When negotiations for acquisition and licensing fell through between Swarmify and Cloudflare in 2017, Swarmify brought several claims against Cloudflare, including state and federal claims for misappropriation of trade secrets.

Swarmify, a startup developing video streaming technology, first entered into negotiations with Internet content-delivery giant Cloudflare in 2016. After a second round of acquisition talks in June of 2017 failed to produce an agreement, Swarmify returned to the development of its technology. Three months later, Cloudflare posted two blog articles on its website detailing the introduction of its new video streaming solution to the market. These two blog posts are the main basis for Swarmify’s claims against Cloudflare.

The blog articles, titled “Introducing Cloudflare Stream” and “How Cloudflare Streams” explain how Cloudflare’s streaming technology works, which, according to Swarmify’s complaint, is based entirely on confidential information obtained during the failed negotiations, used in violation of mutual NDAs. Relying solely on its trade secret misappropriation and breach of contract claims, Swarmify then filed a motion for preliminary injunction.

The preliminary injunction

Swarmify accompanied its motion for preliminary injunction with disclosures that Judge Alsup of the Northern District of California described as “overbroad” and “an abuse of the system.” In addition, the court noted that Swarmify repeatedly refused to “pin down in argument the specific nature of the information it claims to own.” In light of these “glaring” issues the court viewed as preclusive to preliminary relief under Winter, no holding on the merits was reached. However, the court clearly expressed its skepticism regarding Swarmify’s trade secrets claims, stating that “Swarmify’s attempts to set up its purported trade secrets as elusive moving targets do not bode well for the merits of its claims.”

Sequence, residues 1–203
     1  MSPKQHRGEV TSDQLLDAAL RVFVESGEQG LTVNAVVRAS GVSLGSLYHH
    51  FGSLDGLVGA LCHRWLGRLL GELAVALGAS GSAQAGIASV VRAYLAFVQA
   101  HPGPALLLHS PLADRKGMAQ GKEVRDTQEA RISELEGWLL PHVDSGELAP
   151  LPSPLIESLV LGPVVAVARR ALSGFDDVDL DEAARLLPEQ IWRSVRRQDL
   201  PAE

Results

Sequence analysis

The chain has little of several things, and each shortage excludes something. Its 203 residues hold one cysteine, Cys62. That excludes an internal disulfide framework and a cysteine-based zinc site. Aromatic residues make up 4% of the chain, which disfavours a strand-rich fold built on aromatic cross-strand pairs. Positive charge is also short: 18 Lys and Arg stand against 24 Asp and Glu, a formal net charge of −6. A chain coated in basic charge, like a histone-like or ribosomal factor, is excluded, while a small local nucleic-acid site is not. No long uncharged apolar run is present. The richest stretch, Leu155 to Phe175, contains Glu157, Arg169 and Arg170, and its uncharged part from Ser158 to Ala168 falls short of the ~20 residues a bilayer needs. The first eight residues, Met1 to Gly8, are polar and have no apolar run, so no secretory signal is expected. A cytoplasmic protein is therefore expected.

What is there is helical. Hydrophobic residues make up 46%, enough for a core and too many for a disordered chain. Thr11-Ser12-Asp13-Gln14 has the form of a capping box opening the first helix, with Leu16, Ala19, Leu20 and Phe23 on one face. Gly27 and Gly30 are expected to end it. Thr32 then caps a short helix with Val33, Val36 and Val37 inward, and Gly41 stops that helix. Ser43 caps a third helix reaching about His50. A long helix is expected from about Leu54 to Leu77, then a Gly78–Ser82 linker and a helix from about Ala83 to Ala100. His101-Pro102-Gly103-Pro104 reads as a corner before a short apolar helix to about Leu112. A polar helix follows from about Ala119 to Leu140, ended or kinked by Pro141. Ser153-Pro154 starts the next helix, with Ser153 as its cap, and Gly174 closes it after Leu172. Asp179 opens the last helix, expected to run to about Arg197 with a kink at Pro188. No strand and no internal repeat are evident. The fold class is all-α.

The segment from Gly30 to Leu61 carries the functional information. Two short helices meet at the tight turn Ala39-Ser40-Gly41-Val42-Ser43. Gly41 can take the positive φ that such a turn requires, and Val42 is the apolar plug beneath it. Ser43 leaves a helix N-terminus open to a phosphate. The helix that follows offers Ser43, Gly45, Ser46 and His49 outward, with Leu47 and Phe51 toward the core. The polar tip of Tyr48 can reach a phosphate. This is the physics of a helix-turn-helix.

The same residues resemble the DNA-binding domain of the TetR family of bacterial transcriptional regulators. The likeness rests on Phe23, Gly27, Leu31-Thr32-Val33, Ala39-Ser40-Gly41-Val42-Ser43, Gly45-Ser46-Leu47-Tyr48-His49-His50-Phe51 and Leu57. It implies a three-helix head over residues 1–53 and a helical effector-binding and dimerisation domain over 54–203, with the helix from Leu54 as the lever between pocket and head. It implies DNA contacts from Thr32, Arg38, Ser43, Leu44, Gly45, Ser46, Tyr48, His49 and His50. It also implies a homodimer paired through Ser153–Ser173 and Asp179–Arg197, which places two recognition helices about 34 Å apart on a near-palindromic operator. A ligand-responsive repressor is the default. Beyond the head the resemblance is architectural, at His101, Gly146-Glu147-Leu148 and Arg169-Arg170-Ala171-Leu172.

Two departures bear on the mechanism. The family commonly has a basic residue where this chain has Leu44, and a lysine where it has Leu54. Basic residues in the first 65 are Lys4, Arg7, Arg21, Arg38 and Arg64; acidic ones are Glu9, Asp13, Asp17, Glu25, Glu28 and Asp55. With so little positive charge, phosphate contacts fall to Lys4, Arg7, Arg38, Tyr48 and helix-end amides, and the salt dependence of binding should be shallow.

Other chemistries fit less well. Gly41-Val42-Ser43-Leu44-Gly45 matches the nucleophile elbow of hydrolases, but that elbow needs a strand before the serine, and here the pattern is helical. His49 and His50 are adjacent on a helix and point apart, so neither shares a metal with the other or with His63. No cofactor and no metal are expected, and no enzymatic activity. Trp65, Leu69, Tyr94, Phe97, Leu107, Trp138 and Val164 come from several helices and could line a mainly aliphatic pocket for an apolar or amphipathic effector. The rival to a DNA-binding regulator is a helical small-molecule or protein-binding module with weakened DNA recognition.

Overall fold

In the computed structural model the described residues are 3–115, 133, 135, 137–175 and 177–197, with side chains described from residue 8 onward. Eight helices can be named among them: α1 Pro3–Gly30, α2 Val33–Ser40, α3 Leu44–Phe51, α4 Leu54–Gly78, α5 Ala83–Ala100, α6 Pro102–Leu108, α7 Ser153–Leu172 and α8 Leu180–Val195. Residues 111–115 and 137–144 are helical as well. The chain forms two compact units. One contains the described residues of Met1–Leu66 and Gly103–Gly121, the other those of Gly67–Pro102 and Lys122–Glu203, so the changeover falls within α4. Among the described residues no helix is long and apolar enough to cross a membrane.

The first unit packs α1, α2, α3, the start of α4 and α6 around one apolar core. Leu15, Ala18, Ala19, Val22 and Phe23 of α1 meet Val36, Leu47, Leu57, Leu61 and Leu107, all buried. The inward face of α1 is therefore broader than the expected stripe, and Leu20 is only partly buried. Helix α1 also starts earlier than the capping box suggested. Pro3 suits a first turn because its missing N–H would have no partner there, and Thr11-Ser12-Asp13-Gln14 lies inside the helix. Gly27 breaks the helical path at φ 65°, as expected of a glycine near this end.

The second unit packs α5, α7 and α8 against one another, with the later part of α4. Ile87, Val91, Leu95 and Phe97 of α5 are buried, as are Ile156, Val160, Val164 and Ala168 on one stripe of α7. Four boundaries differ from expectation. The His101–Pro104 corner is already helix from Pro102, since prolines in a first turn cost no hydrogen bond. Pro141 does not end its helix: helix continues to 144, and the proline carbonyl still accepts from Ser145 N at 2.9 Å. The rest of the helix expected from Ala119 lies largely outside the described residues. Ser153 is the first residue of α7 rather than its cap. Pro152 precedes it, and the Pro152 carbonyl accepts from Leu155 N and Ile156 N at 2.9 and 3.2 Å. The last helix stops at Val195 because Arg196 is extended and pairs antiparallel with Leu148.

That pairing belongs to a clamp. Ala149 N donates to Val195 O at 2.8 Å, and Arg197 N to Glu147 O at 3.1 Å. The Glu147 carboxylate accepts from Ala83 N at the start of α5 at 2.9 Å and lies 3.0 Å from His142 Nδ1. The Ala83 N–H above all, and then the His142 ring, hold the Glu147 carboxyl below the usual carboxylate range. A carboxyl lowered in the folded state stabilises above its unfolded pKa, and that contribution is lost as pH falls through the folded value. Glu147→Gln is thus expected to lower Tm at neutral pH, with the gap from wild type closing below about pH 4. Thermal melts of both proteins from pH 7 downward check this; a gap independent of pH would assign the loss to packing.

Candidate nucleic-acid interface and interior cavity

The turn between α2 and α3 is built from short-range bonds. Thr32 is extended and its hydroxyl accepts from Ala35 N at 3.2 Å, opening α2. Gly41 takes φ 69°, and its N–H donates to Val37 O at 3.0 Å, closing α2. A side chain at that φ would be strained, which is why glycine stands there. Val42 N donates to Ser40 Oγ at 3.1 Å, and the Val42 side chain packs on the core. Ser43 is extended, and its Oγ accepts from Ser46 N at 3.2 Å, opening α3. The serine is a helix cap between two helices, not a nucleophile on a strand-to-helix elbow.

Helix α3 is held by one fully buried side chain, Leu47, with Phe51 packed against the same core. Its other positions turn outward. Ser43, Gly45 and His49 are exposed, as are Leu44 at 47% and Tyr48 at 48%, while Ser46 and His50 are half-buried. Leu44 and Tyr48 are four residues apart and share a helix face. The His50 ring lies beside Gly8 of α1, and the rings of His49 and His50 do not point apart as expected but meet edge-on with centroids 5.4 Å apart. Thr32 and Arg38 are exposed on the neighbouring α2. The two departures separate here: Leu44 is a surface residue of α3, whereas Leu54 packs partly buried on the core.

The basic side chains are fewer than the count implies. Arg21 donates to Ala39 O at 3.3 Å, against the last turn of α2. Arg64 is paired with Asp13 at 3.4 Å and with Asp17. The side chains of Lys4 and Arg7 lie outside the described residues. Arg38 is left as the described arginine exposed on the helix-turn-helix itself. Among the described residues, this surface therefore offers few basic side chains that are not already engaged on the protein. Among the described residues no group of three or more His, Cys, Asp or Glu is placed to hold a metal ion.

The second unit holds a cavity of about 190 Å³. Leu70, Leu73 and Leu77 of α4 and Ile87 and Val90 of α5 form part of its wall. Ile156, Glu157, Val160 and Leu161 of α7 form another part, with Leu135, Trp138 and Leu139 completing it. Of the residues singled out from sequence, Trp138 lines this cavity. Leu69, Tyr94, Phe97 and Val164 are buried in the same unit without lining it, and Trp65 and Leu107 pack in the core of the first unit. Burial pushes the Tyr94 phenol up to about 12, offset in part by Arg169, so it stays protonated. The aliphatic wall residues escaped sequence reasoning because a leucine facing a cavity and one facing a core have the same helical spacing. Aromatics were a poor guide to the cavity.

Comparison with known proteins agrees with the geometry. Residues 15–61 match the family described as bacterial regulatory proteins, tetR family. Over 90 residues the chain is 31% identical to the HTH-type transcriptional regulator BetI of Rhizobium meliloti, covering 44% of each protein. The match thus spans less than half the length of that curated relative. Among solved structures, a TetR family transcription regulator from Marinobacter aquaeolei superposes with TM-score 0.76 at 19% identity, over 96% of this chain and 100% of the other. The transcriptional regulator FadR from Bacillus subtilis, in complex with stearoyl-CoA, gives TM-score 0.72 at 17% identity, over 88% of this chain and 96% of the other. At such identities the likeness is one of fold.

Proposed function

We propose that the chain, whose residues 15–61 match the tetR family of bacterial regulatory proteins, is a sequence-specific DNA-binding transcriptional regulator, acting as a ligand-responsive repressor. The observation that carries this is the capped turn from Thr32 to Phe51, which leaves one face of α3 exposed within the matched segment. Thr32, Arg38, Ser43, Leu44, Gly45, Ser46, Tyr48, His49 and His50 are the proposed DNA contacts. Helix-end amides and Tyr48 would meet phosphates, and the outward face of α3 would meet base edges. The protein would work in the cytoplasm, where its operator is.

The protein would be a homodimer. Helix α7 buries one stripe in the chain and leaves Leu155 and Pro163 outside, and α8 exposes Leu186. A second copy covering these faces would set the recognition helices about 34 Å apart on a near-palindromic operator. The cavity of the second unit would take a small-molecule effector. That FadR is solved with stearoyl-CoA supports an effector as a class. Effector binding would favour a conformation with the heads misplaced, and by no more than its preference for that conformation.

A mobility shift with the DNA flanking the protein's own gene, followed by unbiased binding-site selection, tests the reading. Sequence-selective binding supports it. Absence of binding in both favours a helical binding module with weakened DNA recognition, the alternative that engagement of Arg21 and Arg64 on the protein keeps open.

Swarmify attempted to justify its irreparable harm argument with a comparison to recently decided Waymo. However, Judge Alsup, who “lived through Waymo,” explicitly distinguished Swarmify’s case from Waymo, which concerns self-driving cars, an industry that is actually “nascent” and may be irreparably harmed by disruption (unlike the video streaming industry).  Furthermore, the court referred to the harm alleged by Swarmify as “textbook reparable harm” in the event of a success on the merits and accordingly, denied the motion on February 27, 2018.

Find the denial of the preliminary injunction here.

Cloudflare gets (some) fees

Swarmify moved to end the case in June 2018, prompting Cloudflare to move for attorney fees accrued in the period following the denial of the preliminary injunction.  After taking Cloudflare’s motion under submission on September 20, the court issued its partial grant on September 28.

The court applied the two-pronged standard for “bad faith” in the context of trade secret claims, which requires the seeking party to show (1) objective speciousness and (2) subjective bad faith in bringing or maintaining the claim.  The court found that the turning point in the litigation—at which Swarmify should have immediately sought dismissal—was not the denial of the preliminary injunction, but the parties’ mediation this past May.  At the mediation, Cloudflare presented a new defense that “unquestionably rendered Swarmify’s misappropriation claim objectively specious.”  After Cloudflare proved its new defense on May 22, Swarmify was “ethically obligated to drop its misappropriation claim,” but “instead attempted to settle (and thus extract some gain from Cloudflare) before offering to freely dismiss the case.”  The court thus concluded that Swarmify maintained the action in bad faith and awarded Cloudflare attorney’s fees and costs for the period from May 23 to June 10.

Find the order granting in part the motion for attorney’s fees here.

The case serves as a reminder to trade secret plaintiffs of the risk of fee awards where the plaintiff is aware that its trade secret claim lacks merit.